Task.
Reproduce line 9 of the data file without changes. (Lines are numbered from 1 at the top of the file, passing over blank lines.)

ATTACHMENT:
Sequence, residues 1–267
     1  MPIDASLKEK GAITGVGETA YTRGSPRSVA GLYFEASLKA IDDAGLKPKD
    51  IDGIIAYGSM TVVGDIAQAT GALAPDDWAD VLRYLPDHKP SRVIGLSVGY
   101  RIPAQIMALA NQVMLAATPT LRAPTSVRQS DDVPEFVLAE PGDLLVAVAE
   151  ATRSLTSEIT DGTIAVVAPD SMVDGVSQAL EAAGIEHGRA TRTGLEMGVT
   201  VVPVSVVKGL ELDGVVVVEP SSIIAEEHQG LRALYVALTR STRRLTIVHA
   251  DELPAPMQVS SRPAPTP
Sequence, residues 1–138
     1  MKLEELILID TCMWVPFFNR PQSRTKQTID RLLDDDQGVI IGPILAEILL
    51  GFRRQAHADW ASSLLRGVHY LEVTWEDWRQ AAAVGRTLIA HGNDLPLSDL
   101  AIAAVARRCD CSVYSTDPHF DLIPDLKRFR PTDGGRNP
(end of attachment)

     1  MKLEELILID TCMWVPFFNR PQSRTKQTID RLLDDDQGVI IGPILAEILL